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It Shouldn't Happen to a Radio Presenter 25: Breaking the Official Secrets Act & Protecting an Interviewee

18 Apr 2015 at 11:22

Back in November I wrote about a phone-in we did on the Vishal Mehrotra case. Vishal’s dismembered body was found in 1981 and he had been a victim of terrible sexual abuse. Towards the end of the hour our collective mouths were left gaping open when we had two calls from ex-policemen, who proceeded to tell us that they were part of investigations into child sex abuse in the 1970s and 1980s and both were inexplicably shut down.

On Wednesday we followed up those calls and talked to one of the police officers again. This sort of interview doesn’t just happen. It involved a lot of preparatory work by my producer Matt Harris and our senior reporter Tom Swarbrick. We decided to change his voice as both he and we knew that by doing the interview, and saying what he was about to say, he would be breaking the Official Secrets Act. In the interview John told us how an investigation he was involved in, which involved Cyril Smith, was shut down after orders came down from on high. He also said that it was well known in police circles that there were illegal activities going on in Dolphin Square. Fairly explosive stuff, although the media takeup on this was fairly minimal as the day was dominated by the news about Greville Janner.

We then interviewed Simon Danczuk and then took a series of calls. Please do have a listen to this forty minutes of explosive radio. Towards the end I took a call from Sarah in Twickenham (we changed her name) who told us how she had been gang raped by 18 men in the early 1970s. It became clear that the likely venue for this terrible event was the Elm Guest House in Barnes, although I didn’t say this on air. My producer talked to Sarah for some time after the interview and needless to say we will be following this up. It’s hours like this that remind me why I am so privileged to do the job I do.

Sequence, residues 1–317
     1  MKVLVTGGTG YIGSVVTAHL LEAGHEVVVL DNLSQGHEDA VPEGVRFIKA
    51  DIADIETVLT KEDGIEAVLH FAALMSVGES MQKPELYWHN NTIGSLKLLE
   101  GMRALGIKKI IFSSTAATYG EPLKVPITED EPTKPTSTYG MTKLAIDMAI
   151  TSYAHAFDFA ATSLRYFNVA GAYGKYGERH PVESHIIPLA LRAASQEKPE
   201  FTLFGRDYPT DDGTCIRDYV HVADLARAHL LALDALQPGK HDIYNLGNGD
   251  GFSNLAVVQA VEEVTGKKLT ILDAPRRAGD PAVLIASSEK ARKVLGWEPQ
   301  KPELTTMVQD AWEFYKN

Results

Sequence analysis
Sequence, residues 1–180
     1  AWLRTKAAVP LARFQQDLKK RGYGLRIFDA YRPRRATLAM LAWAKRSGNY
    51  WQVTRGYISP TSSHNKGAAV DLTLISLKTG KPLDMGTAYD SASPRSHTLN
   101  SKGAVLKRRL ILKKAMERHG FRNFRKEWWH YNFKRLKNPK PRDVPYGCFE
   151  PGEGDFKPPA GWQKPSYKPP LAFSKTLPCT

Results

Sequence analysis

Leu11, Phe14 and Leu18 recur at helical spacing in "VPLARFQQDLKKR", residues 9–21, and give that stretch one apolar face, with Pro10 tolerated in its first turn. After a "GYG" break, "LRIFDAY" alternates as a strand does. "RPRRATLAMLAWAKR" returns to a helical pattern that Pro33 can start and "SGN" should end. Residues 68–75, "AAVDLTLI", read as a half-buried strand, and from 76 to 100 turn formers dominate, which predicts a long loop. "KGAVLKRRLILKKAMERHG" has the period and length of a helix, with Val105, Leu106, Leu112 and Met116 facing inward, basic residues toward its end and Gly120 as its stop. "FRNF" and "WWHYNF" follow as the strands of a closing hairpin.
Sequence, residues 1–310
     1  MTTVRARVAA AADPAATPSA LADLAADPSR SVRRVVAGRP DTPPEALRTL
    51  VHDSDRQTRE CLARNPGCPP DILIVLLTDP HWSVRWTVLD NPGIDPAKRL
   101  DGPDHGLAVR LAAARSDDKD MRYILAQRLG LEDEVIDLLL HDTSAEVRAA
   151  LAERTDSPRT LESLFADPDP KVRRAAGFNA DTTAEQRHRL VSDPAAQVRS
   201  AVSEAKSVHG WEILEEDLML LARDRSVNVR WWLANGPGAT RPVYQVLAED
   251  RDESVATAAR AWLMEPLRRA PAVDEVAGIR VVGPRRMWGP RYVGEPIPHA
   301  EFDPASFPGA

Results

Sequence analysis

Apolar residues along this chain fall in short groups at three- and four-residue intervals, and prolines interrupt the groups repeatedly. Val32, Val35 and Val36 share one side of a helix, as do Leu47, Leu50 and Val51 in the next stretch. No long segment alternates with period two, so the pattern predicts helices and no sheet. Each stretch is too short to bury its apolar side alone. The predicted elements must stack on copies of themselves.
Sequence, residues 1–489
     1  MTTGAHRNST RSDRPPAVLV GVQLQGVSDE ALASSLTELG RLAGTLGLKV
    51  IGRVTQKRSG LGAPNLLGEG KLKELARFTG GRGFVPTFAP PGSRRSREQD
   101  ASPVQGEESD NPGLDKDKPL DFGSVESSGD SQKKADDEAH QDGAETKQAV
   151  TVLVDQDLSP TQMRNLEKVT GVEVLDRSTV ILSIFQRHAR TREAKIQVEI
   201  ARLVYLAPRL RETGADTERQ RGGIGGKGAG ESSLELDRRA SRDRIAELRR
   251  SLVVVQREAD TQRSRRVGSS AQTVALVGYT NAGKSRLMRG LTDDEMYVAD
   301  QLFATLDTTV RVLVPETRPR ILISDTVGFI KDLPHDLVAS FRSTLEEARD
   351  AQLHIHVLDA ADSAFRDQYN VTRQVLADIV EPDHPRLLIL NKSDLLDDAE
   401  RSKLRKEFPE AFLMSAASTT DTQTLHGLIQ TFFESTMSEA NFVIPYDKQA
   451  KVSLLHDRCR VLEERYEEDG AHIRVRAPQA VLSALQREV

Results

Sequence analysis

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Video: 18 Doughty Street's Greatest Hits

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The Election Week In Review With Three Wise Men & One Wise Woman

17 Apr 2015 at 23:30

Each Friday night on LBC we are convening a panel of Three Wise Men & One Wise Woman to look back on that week’s developments in the Election Campaign. They are David Davis, Sir Ming Campbell, Neil Hamilton and Margaret Beckett.

You can hear tonight’s episode HERE

And last week’s HERE

And if you like what you’ve heard, tune in at 7pm each Friday for the next three weeks.



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LBC Book Club: Iain Dale talks to Alistair Darling

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ConHome Diary: Boris Johnson Is The Scarlet Pimpernel of This Election Campaign

17 Apr 2015 at 13:48

They seek him here, they seek him there, they seek him everybloodywhere. He is the Scarlet Pimpernel of this election campaign. For someone who is without doubt the second best known Conservative in the country, Boris Johnson has been more or less invisible in the election campaign nationally. Yes, he’s been supporting candidates in London, and a few outside, but he’s been far from the national battlefront, which is odd for someone who is supposed to be a huge electoral asset for the Conservatives. Perhaps he is going to be weaponised in the last fortnight. One can but hope.